There are days when you sit up until late at night and you simply do not have any interest to go to bed, urinate or eat, even though you feel the desperate need to do such. Well what do you do in a time like that? Look for a doctor and get checked up for insomnia? Contemplate which album you're going to listen to next? Masturbate? There are a lot of possibilities on how to carry on with your feeble life, one of them is to simply take it easy, clear your head and listen to some decent harmless stoner music. That's where Sweden's newcomer SWITCH OPENS comes into function to take you to their own personal chill-out-zone.
Stoner Rock/Metal has always been a peculiar scene, with a lot of ups and downs in the music, sometimes really really hard to differentiate between the "Doom" side and the actual "Stoner" side. As early as SABBATH, the music was designed to take you through the darkest hallways of your mind and disconnect you from anything that bothered you. It's interesting that although so much time has passed, the basic formula still works for the typical slow style of music. As other styles, it has developed alongside its parallel evolution with gadgets and digital mastering/rendering/whatever to a sea of unlimited possibilities where even the most abstract imagination can be translated into something audible.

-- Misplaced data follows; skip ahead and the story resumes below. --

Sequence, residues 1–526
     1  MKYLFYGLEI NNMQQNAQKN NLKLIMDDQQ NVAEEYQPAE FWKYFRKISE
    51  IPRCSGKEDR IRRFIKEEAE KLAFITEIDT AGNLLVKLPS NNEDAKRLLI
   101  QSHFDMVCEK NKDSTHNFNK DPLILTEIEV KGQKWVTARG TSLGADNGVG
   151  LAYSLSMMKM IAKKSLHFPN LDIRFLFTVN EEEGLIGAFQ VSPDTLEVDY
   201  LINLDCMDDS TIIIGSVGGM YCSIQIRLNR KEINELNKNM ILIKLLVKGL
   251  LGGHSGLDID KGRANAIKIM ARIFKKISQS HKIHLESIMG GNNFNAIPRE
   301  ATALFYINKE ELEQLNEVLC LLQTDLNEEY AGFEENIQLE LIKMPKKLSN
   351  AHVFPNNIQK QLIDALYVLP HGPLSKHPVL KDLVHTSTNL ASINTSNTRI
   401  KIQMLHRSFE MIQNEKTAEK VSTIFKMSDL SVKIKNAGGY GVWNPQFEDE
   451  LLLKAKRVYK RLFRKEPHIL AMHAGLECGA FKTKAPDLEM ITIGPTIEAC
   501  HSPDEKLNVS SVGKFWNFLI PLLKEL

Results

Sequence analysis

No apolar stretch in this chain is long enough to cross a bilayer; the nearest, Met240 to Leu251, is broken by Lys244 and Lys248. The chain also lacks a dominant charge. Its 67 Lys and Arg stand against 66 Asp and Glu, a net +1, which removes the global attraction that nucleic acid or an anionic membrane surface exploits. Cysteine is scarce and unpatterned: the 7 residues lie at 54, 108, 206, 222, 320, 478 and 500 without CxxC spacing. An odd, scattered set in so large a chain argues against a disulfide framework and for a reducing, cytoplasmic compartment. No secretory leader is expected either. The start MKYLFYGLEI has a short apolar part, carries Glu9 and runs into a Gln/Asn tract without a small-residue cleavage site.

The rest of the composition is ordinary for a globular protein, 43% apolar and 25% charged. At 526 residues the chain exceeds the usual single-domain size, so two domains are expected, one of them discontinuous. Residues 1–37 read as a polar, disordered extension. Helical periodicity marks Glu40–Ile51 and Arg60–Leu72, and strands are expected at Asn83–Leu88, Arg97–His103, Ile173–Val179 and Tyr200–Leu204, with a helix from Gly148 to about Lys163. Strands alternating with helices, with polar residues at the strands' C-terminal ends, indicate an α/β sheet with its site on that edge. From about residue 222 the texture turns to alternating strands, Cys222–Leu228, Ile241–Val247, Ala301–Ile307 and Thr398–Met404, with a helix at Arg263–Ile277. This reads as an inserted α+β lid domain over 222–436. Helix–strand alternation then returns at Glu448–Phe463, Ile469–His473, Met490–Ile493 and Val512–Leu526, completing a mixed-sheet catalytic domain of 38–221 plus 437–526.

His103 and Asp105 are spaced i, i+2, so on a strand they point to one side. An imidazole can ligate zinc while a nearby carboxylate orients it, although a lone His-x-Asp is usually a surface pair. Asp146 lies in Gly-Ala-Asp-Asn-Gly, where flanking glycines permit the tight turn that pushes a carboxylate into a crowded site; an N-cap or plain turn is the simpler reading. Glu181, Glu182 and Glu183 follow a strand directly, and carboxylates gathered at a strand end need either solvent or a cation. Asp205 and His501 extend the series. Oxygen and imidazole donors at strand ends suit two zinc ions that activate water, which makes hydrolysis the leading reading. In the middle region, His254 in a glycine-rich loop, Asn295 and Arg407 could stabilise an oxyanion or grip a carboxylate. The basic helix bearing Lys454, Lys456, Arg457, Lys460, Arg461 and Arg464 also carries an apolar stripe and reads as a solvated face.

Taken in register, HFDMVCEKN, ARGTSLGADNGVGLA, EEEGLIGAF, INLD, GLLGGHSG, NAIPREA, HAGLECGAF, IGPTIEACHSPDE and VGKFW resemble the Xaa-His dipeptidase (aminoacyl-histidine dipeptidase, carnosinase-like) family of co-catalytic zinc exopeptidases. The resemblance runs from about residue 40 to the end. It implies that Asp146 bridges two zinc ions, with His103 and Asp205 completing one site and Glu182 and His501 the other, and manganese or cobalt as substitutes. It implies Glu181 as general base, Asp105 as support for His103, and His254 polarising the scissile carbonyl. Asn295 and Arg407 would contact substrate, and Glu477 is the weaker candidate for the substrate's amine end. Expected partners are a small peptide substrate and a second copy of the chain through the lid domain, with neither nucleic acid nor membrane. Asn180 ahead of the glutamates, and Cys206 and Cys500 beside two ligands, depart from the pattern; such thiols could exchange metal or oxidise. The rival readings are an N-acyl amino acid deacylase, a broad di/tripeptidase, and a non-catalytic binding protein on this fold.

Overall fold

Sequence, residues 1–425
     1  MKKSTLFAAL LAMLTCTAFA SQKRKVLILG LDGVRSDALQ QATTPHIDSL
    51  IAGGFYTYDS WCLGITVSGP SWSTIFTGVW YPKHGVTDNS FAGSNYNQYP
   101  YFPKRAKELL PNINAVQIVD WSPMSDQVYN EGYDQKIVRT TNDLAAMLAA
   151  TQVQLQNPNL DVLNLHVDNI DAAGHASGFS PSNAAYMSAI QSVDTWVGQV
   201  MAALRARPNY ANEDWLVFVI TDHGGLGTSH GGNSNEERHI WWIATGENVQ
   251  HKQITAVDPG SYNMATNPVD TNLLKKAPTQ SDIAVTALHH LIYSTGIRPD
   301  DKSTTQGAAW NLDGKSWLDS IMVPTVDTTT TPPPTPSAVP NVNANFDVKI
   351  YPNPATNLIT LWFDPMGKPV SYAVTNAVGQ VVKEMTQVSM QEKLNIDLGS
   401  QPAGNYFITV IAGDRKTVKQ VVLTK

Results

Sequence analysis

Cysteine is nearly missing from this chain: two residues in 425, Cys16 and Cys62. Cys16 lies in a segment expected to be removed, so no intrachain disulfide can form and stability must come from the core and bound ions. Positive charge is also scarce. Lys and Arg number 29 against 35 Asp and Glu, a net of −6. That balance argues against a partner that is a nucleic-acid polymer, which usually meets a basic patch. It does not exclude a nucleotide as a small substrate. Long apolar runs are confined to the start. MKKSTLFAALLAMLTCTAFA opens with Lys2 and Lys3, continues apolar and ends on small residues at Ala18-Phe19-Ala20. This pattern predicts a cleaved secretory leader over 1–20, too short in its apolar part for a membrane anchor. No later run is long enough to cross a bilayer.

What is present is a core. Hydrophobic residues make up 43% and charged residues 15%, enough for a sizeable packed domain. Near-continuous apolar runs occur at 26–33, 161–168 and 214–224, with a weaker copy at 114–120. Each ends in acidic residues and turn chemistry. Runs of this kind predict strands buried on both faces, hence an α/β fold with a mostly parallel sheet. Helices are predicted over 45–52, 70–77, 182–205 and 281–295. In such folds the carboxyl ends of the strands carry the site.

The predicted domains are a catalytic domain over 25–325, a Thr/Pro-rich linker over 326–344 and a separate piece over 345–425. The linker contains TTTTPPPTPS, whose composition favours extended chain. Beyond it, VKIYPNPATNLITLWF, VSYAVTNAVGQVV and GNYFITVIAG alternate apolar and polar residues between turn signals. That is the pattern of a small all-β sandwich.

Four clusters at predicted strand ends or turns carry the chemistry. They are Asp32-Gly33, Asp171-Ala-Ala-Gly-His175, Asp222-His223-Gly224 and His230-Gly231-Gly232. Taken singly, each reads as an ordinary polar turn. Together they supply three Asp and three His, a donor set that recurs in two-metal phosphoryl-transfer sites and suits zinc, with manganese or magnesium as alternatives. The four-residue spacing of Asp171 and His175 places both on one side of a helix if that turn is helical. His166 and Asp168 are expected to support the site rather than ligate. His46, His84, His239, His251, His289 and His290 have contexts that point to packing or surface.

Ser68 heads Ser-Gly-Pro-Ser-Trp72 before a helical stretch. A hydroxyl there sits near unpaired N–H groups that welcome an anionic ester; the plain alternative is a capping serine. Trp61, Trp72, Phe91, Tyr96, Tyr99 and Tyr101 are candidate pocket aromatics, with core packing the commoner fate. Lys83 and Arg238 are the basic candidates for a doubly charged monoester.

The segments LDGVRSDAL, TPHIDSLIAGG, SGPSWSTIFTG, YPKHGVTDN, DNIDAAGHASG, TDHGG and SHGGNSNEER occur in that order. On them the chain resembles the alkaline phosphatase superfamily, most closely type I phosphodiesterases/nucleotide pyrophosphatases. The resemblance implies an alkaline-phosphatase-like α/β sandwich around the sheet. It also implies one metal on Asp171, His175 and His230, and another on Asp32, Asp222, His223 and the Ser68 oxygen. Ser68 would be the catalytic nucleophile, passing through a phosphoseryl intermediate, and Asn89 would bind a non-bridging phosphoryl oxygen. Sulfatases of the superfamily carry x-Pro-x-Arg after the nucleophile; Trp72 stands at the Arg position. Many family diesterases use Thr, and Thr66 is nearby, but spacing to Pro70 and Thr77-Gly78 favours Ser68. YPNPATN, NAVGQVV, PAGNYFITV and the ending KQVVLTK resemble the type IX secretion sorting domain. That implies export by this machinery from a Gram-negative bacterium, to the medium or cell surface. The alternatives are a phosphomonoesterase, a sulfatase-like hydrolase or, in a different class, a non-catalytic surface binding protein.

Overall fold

SWITCH OPEN's' debut, which is another brainchild of the 21st century is actually a pretty good start for a new band, easily securing the path to a bright future. The gimmicks are there, the use of modern electronics is omnipresent and creates that dramatic post-modern feeling modern music should incorporate, but something floats about in the overall feeling that makes you wonder about a couple of things. One aspect is the really strange, almost Nu-Metal-ish approach to Stoner Metal. The vocals are quite weak sometimes and resemble either a dog ("Paper Walls"), a screamo attempt or simply "KoRn". Apart from some regressive deliveries, the vocals are overall decent, with a nice rasp to them and fit with the rest of the music nicely, mostly when he doesn't try to scream, but varies between a relatively clean singing to a sort of half-sung rasp. The songs themselves, to be more exact: the instrumental parts, create most of the creepy and eerie atmosphere that will grasp you by the neck and pull you down. The music sometimes reminds me of a mixture between Desert Rock classics such as KYUSS or QUEENS OF THE STONE AGE, but have a heavier feeling to them, while still keeping their subliminal message. A definite good start and interesting future awaits these Swedish warriors.
(Online December 24, 2009)